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RingCentral, Inc.'s (NYSE:RNG) latest 7.1% decline adds to one-year losses, institutional investors may consider drastic measures

To get a sense of who is truly in control of RingCentral, Inc. (NYSE:RNG), it is important to understand the ownership structure of the business. The group holding the most number of shares in the company, around 74% to be precise, is institutions. That is, the group stands to benefit the most if the stock rises (or lose the most if there is a downturn).

And institutional investors saw their holdings value drop by 7.1% last week. Needless to say, the recent loss which further adds to the one-year loss to shareholders of 82% might not go down well especially with this category of shareholders. Institutions or "liquidity providers" control large sums of money and therefore, these types of investors usually have a lot of influence over stock price movements. As a result, if the decline continues, institutional investors may be pressured to sell RingCentral which might hurt individual investors.

In the chart below, we zoom in on the different ownership groups of RingCentral.

Check out our latest analysis for RingCentral

ownership-breakdown
ownership-breakdown

What Does The Institutional Ownership Tell Us About RingCentral?

Institutional investors commonly compare their own returns to the returns of a commonly followed index. So they generally do consider buying larger companies that are included in the relevant benchmark index.

RingCentral already has institutions on the share registry. Indeed, they own a respectable stake in the company. This implies the analysts working for those institutions have looked at the stock and they like it. But just like anyone else, they could be wrong. When multiple institutions own a stock, there's always a risk that they are in a 'crowded trade'. When such a trade goes wrong, multiple parties may compete to sell stock fast. This risk is higher in a company without a history of growth. You can see RingCentral's historic earnings and revenue below, but keep in mind there's always more to the story.

earnings-and-revenue-growth
earnings-and-revenue-growth

Investors should note that institutions actually own more than half the company, so they can collectively wield significant power. RingCentral is not owned by hedge funds. The Vanguard Group, Inc. is currently the largest shareholder, with 8.9% of shares outstanding. BlackRock, Inc. is the second largest shareholder owning 6.3% of common stock, and Vladimir Shmunis holds about 6.2% of the company stock. Vladimir Shmunis, who is the third-largest shareholder, also happens to hold the title of Chairman of the Board.

A closer look at our ownership figures suggests that the top 16 shareholders have a combined ownership of 50% implying that no single shareholder has a majority.

Researching institutional ownership is a good way to gauge and filter a stock's expected performance. The same can be achieved by studying analyst sentiments. There are plenty of analysts covering the stock, so it might be worth seeing what they are forecasting, too.

Insider Ownership Of RingCentral

While the precise definition of an insider can be subjective, almost everyone considers board members to be insiders. The company management answer to the board and the latter should represent the interests of shareholders. Notably, sometimes top-level managers are on the board themselves.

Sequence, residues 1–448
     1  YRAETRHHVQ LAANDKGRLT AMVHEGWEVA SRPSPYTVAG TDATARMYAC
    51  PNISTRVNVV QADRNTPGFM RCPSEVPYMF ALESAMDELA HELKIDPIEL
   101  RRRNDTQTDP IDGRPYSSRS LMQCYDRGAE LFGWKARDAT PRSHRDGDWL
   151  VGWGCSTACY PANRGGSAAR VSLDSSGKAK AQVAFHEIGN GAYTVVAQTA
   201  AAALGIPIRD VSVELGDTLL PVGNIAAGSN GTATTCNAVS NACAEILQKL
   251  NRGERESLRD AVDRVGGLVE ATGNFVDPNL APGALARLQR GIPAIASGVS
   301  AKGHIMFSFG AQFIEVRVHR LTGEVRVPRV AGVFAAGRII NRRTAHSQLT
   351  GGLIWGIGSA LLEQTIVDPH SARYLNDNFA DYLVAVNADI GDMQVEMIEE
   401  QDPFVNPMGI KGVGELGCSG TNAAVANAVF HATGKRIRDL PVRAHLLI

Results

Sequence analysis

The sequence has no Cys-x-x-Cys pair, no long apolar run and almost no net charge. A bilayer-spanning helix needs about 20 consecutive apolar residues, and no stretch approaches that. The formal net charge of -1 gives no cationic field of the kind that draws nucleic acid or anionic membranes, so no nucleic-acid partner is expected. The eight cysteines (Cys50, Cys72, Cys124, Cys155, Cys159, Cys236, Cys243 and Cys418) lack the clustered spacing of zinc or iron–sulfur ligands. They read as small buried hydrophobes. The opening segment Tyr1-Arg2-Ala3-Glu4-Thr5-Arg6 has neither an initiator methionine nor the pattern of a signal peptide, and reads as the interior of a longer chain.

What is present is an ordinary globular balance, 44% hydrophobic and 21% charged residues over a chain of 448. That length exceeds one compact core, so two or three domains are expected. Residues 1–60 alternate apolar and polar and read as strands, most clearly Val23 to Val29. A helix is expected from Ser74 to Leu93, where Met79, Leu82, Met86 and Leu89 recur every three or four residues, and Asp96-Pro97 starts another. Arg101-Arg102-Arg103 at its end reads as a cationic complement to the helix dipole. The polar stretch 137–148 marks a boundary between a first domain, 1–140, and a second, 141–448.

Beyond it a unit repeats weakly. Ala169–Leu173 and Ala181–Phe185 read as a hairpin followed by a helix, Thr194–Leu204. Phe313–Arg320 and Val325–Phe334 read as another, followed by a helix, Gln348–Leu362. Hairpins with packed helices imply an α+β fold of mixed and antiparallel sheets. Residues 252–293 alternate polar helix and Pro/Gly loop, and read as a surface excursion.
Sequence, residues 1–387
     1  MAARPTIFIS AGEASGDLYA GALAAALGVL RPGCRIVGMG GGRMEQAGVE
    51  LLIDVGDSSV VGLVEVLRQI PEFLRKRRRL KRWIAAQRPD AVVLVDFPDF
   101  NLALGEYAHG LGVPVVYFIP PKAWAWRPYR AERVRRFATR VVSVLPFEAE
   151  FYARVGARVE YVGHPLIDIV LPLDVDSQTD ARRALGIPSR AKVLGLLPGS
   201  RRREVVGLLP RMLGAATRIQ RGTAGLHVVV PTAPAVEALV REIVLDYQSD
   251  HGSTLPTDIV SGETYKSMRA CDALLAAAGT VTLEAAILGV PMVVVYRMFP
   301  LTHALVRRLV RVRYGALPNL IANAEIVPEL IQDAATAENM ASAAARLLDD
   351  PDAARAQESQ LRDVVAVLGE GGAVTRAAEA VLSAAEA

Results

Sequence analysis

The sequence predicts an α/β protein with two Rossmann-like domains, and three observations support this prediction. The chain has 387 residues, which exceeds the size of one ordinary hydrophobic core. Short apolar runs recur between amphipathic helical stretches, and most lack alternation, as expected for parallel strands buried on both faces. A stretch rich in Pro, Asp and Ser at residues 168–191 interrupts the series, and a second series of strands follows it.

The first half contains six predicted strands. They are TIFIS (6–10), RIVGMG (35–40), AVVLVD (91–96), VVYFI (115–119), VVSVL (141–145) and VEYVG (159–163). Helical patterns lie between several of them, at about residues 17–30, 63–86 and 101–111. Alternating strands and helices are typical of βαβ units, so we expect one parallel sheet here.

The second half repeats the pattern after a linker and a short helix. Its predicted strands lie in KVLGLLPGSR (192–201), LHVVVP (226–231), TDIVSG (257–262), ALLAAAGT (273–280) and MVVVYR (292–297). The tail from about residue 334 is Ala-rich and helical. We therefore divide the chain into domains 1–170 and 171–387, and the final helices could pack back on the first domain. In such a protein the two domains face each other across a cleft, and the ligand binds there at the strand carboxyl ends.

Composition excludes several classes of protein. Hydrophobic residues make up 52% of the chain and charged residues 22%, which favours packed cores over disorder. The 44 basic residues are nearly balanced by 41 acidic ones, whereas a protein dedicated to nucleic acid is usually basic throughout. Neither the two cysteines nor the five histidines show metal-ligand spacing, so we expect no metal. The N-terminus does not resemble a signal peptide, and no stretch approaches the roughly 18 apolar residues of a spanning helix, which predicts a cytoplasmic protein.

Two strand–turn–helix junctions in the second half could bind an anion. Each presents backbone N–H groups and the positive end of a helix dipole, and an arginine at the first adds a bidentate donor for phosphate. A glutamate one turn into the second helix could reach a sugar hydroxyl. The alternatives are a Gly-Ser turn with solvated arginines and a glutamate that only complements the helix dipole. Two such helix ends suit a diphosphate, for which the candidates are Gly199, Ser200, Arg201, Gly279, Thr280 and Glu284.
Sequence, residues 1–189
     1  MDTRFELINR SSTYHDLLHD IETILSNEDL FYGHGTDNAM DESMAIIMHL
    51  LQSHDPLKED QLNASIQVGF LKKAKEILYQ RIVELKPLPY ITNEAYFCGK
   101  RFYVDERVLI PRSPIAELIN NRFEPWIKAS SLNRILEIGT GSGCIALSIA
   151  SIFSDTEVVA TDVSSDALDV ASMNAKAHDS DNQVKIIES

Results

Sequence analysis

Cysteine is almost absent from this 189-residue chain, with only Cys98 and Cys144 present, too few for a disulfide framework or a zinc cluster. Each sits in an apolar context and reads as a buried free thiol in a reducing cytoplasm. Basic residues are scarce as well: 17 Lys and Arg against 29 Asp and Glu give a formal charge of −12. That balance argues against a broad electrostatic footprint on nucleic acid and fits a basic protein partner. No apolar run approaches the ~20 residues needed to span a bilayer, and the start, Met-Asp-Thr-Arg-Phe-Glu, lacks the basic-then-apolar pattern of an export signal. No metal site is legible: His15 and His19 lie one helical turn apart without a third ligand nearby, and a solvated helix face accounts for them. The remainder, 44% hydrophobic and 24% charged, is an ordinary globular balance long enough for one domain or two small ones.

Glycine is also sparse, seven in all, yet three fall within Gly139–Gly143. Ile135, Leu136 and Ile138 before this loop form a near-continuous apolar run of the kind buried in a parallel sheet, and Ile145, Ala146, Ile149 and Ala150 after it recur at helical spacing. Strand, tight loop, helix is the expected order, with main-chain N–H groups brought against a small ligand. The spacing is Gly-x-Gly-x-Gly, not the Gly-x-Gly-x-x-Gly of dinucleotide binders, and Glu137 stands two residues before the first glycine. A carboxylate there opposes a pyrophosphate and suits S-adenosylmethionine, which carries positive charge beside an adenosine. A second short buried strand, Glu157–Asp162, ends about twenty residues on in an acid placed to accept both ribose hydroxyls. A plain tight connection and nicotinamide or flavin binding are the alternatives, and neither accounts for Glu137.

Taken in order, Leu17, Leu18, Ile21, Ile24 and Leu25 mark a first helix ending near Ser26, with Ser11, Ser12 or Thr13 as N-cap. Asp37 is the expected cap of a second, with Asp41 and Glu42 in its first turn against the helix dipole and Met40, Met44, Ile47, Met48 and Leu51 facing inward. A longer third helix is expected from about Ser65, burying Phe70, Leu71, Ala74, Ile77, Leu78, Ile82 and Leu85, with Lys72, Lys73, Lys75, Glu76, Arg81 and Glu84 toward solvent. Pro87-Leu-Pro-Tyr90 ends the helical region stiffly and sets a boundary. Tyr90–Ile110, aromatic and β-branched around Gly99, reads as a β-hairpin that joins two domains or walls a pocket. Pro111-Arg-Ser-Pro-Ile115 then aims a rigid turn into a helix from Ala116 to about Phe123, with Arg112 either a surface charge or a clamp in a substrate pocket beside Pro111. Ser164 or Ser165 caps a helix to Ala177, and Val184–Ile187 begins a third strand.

I generally consider insider ownership to be a good thing. However, on some occasions it makes it more difficult for other shareholders to hold the board accountable for decisions.

Our information suggests that insiders maintain a significant holding in RingCentral, Inc.. It has a market capitalization of just US$4.0b, and insiders have US$424m worth of shares in their own names. That's quite significant. Most would say this shows a good degree of alignment with shareholders, especially in a company of this size. You can click here to see if those insiders have been buying or selling.

General Public Ownership

With a 16% ownership, the general public, mostly comprising of individual investors, have some degree of sway over RingCentral. This size of ownership, while considerable, may not be enough to change company policy if the decision is not in sync with other large shareholders.

Next Steps:

While it is well worth considering the different groups that own a company, there are other factors that are even more important. Consider risks, for instance. Every company has them, and we've spotted 3 warning signs for RingCentral you should know about.

If you would prefer discover what analysts are predicting in terms of future growth, do not miss this free report on analyst forecasts.

NB: Figures in this article are calculated using data from the last twelve months, which refer to the 12-month period ending on the last date of the month the financial statement is dated. This may not be consistent with full year annual report figures.

Have feedback on this article? Concerned about the content? Get in touch with us directly. Alternatively, email editorial-team (at) simplywallst.com.

This article by Simply Wall St is general in nature. We provide commentary based on historical data and analyst forecasts only using an unbiased methodology and our articles are not intended to be financial advice. It does not constitute a recommendation to buy or sell any stock, and does not take account of your objectives, or your financial situation. We aim to bring you long-term focused analysis driven by fundamental data. Note that our analysis may not factor in the latest price-sensitive company announcements or qualitative material. Simply Wall St has no position in any stocks mentioned.

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